Choice of Static Site generator for Floe and Fluid Project websites

SACHIN CHOPRA schopra at
Sat May 9 08:39:34 UTC 2020

Hello Gregor,
Thanks for the insights into the project. I have made a google doc to keep
a check on the parameters that should be given more weightage while making
a choice of SSG for the project. I'm attaching the link below. I request
other community members to fill it with the parameters that they find
appropriate and useful. This would be useful for the next community meeting
when we talk about the choice of SSG.

On Thu, May 7, 2020 at 3:14 AM Colin Clark <cclark at> wrote:

> Hi Sachin,
> Thanks for your detailed analysis. It will probably take some time for
> people to read through it and share their thoughts; there’s a lot of
> interesting material here to think through here.
> From my perspective, one of the major criteria for choosing a technology
> like this within the Fluid community is our ability to easily and
> comfortably adapt it or make extensions to it. That means, for most of us,
> writing code in JavaScript. It will be significantly easier and more
> interesting if developers can use Infusion in tandem with the static site
> generator, rather than to have to pick up a new programming language such
> as Python or Go and new tools/frameworks as well.
> I’d also like to encourage you to approach the issue from a broader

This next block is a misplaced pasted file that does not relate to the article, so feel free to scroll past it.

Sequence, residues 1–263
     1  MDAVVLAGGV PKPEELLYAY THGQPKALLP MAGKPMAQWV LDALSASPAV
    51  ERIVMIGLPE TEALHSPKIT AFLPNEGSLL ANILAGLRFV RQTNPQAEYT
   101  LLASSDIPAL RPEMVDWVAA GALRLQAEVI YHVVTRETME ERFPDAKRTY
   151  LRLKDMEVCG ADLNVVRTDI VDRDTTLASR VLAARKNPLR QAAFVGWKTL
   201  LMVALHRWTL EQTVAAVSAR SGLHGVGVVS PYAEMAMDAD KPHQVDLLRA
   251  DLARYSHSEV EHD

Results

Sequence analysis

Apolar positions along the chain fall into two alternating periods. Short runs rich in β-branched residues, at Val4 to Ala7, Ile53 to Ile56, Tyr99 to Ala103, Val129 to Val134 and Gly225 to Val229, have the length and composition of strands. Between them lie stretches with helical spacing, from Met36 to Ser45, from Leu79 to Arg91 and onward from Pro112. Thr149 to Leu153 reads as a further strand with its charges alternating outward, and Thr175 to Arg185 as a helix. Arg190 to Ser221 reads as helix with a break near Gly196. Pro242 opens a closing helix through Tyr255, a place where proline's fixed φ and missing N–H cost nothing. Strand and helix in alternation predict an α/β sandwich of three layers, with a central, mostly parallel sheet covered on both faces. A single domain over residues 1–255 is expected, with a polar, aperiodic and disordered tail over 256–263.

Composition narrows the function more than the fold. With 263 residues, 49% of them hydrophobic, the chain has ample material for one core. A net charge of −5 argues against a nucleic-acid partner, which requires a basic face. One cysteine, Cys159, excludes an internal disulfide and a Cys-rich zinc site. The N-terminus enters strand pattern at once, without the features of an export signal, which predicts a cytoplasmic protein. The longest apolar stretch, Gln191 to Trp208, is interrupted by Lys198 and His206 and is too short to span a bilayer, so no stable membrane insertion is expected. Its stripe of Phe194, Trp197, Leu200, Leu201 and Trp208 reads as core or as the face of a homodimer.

> architectural perspective. Rather than just thinking of this as a
> standalone tool to generate websites from markdown or templating languages,
> it’s worth considering how it might act as one component within a larger
> ecosystem of tools. A big part of what makes the Fluid community unique
> (and I hope to make this clearer when we redesign the site this summer) is
> that we always try to approach technologies critically, with an eye to how
> they could be reconceptualized in ways that give non-experts more creative
> agency. While it’s often tempting to compare technologies using easily
> quantifiable metrics (e.g. number of Github stars, number of plugins,
> etc.), I think it’s worth emphasizing the more typically underrepresented
> considerations—not just popularity, number of stars, or community size—and
> try to imagine how a tool like this might fit more holistically into a
> “weave” of different interrelated technologies and practices. How would
> someone who doesn’t know Github or Markdown create or update content for
> the site? Could they redesign aspects of the site if the wanted to? How
> would dynamic sources of data be integrated into the site?
> If it helps at all, several of our recent websites—the new Inclusive
> Design Research Centre site, the Project We Count site, and the eco-op